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Substance Abuse Counseling Program Article on Medicaid and Substance Abuse Care

How will reductions in Medicaid affect substance abuse care?

Please review our substance abuse counseling program

Please review our substance abuse counseling program

Please also review our substance abuse counseling program

The article,”¬†Feds, states seek to end Medicaid’s limits on substance abuse care”, by Virgil Dickson states,

“States and some federal officials are working harder to end some limits on Medicaid reimbursements for behavioral health and substance abuse treatment in the face of the nationwide opioid addiction crisis.

Earlier this month, a bipartisan group of senators introduced legislation that eases federal restrictions on Medicaid reimbursement for substance use disorder treatment centers. The bill would allow centers with up to 40 beds to receive reimbursement from Medicaid for stays of up to 60 consecutive days.

Medicaid has refused to pay for care from so-called institutions of mental disease for beneficiaries 21 years old and older since its inception. Most residential treatment facilities for mental health and substance-use disorders that have more than 16 beds did not qualify for Medicaid reimbursement.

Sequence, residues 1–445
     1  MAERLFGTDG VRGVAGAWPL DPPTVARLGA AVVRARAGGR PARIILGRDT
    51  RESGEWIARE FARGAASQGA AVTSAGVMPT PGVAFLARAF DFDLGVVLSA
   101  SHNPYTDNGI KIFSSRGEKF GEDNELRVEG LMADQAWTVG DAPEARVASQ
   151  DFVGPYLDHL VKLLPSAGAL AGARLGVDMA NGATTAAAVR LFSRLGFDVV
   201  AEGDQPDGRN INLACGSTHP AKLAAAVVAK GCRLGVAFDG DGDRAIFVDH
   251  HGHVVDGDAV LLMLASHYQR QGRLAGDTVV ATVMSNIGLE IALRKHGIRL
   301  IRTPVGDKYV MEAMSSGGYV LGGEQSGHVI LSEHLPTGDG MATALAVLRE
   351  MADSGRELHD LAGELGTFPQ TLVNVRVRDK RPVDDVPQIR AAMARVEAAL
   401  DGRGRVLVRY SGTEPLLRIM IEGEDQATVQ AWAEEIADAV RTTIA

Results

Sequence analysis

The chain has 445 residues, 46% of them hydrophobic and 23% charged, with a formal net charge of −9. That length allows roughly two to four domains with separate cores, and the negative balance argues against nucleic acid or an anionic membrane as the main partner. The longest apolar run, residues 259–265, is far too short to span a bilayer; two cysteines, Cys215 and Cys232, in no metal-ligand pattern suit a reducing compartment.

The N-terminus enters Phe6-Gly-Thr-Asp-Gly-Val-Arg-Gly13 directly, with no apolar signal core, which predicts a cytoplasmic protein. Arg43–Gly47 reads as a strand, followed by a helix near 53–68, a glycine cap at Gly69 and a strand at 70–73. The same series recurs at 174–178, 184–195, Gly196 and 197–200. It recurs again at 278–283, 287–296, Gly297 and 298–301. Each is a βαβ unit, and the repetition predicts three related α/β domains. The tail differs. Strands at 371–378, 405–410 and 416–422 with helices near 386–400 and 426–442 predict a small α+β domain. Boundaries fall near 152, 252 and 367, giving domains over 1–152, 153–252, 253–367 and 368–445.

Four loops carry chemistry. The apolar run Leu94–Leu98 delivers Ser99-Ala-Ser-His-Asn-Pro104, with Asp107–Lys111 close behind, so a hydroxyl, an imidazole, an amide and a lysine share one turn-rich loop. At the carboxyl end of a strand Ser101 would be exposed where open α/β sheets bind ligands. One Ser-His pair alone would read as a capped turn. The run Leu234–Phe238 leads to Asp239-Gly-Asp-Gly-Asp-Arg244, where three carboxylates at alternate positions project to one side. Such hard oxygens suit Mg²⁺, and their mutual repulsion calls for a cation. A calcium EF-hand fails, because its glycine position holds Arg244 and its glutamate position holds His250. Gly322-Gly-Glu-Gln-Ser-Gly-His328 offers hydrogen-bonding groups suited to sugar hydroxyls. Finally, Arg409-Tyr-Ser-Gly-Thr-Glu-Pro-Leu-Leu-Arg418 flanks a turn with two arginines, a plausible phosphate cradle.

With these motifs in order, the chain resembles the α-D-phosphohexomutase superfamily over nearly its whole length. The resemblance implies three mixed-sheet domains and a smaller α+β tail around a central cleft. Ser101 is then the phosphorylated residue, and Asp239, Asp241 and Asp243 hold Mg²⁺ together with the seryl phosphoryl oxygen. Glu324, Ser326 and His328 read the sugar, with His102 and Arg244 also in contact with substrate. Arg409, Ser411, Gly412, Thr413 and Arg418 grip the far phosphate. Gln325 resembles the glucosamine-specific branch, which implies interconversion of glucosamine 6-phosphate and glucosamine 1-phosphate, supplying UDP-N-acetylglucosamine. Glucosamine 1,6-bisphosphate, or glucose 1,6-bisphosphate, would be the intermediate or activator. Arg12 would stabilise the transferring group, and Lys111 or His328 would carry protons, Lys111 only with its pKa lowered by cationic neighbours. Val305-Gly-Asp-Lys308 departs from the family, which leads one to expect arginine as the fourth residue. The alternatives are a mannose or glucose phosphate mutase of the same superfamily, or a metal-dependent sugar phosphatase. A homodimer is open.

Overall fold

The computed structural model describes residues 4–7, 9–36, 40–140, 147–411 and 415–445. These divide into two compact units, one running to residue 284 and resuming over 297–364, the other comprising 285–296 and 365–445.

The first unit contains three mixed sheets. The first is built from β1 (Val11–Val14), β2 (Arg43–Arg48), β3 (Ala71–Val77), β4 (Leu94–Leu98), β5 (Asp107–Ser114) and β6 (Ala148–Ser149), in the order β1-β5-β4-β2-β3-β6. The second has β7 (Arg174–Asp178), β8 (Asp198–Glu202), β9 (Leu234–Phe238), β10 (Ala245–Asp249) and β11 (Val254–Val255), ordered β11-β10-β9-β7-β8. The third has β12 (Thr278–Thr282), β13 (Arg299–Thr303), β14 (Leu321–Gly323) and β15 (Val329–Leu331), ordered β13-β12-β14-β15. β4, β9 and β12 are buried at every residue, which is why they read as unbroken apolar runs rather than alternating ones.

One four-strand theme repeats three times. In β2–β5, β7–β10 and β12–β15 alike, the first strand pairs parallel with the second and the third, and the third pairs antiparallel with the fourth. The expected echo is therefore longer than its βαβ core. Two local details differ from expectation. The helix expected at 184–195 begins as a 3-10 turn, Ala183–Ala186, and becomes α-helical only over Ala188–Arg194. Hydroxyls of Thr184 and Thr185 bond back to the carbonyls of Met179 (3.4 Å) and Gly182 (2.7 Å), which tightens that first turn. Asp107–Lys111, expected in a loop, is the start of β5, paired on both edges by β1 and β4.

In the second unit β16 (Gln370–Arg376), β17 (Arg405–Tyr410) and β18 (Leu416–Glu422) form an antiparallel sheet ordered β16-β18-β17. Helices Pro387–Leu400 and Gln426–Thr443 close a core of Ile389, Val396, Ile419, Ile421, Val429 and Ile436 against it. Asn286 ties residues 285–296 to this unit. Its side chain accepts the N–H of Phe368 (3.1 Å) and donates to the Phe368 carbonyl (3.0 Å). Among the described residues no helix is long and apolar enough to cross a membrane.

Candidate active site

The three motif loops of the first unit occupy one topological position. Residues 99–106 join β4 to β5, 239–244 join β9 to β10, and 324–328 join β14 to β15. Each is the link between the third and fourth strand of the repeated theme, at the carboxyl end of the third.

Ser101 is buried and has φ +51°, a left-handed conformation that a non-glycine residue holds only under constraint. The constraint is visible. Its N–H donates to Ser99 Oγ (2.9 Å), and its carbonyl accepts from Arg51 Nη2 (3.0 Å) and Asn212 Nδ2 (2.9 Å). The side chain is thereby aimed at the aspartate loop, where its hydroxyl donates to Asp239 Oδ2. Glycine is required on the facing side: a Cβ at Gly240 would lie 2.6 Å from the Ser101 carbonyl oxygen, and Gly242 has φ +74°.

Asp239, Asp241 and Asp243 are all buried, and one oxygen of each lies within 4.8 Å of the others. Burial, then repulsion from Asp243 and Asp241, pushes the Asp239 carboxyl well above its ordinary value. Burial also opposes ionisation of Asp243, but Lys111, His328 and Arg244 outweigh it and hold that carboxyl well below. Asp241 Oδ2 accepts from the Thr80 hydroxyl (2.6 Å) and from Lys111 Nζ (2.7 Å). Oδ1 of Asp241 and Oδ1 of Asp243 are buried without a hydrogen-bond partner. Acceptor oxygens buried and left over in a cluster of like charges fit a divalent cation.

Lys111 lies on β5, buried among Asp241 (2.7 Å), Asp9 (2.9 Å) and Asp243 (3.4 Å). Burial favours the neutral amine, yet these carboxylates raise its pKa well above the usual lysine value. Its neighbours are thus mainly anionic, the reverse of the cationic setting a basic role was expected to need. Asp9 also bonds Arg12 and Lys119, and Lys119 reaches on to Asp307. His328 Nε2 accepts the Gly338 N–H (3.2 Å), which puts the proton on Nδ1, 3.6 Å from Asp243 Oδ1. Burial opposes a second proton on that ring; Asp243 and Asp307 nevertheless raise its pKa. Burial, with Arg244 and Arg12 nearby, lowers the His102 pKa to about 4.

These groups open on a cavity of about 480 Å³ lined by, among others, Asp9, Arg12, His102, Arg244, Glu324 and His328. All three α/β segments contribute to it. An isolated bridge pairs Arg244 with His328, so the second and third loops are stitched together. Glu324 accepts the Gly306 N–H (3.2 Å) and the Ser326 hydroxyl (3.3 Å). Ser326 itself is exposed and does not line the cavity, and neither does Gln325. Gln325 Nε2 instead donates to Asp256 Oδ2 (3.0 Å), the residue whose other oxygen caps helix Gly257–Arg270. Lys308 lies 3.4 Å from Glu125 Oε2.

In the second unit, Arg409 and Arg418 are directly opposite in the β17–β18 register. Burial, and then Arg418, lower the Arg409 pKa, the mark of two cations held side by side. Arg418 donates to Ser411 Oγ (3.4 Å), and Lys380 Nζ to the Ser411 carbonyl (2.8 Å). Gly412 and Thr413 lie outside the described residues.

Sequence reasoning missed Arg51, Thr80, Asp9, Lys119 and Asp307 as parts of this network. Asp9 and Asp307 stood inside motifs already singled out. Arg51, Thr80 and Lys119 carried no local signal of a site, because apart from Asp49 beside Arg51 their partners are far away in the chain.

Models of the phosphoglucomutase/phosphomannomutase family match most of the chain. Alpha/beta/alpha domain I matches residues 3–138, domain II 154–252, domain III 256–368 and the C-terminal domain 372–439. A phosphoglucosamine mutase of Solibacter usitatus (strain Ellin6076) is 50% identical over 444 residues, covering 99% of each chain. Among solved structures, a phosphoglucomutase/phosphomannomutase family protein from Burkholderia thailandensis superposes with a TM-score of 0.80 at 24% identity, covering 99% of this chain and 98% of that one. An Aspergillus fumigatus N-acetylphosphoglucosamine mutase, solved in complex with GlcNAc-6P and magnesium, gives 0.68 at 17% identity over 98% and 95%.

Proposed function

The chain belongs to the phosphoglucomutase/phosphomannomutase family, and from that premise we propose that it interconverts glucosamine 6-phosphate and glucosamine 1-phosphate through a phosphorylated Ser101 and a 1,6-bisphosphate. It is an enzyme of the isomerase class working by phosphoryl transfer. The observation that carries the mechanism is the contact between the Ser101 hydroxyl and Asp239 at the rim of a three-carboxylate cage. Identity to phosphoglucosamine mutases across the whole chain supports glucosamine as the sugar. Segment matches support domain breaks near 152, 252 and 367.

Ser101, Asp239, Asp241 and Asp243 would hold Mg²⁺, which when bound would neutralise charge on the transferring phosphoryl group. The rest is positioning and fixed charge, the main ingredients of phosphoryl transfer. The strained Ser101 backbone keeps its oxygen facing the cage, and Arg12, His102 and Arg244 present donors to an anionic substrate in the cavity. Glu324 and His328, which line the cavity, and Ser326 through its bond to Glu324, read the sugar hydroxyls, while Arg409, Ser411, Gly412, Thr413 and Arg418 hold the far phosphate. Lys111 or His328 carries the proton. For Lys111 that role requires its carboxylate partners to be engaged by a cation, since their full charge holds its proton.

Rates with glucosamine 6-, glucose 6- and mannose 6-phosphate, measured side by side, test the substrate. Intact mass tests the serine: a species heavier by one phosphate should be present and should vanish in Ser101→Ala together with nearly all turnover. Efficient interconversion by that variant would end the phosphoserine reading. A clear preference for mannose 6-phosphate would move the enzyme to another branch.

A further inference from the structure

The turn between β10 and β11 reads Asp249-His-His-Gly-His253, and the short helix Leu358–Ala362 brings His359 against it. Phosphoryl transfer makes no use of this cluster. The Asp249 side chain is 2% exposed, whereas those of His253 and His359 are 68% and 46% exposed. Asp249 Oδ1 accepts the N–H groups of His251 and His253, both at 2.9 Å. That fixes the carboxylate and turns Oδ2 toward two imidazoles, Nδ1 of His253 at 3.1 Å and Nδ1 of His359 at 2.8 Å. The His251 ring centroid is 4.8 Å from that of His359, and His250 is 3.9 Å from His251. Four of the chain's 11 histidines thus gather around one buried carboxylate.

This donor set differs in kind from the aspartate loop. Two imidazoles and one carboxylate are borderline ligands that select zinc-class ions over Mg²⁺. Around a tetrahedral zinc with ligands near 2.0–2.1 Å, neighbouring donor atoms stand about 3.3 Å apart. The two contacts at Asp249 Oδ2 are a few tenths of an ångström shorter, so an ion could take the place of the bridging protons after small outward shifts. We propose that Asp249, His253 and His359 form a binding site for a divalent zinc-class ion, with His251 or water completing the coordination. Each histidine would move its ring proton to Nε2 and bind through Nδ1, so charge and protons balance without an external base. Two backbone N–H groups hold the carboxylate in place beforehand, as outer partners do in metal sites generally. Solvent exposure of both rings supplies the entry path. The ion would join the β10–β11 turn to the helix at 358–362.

“It’s no exaggeration to say that an available bed at a treatment facility could mean the difference between life and death. In fact, one of the most tragic circumstances is when someone is ready to seek help and they’re turned away because of a lack of resources,” Sen. Angus King (I-Maine) said in a statement.

King is one of the co-sponsors of the bill known as the Medicaid Coverage for Addiction Recovery Expansion Act, or Medicaid CARE Act. It’s unclear if the law will ever be enacted, despite its bipartisan support, as Republican lawmakers and President Donald Trump are actively seeking ways to reduce Medicaid spending.

The lawmakers’ proposal comes after several states have successfully lobbied the CMS to lift these restrictions for their Medicaid programs. California, Maryland, Massachusetts and Virginia have succeeded in getting waivers to remove the bed-limit restriction for Medicaid funding.

A federal solution could eliminate inefficiencies and differences in state requests and create a single standard for behavioral and substance abuse treatment reimbursement, according to Dr. Jonathan Chen, an instructor at Stanford University School of Medicine who has researched opioid abuse.”

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